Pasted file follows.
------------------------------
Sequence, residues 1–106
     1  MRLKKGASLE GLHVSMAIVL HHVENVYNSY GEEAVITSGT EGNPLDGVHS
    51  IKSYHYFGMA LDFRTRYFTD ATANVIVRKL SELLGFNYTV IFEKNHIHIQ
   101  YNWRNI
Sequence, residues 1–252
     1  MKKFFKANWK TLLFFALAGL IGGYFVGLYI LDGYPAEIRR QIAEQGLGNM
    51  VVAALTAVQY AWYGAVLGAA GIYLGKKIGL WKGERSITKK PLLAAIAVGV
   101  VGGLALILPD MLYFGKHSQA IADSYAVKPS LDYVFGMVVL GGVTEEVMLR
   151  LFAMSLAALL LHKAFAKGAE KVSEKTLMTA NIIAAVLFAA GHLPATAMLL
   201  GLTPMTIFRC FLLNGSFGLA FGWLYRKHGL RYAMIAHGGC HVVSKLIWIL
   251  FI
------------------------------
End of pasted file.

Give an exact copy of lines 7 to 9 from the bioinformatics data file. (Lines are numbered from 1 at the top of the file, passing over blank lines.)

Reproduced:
    51  VVAALTAVQY AWYGAVLGAA GIYLGKKIGL WKGERSITKK PLLAAIAVGV
   101  VGGLALILPD MLYFGKHSQA IADSYAVKPS LDYVFGMVVL GGVTEEVMLR
   151  LFAMSLAALL LHKAFAKGAE KVSEKTLMTA NIIAAVLFAA GHLPATAMLL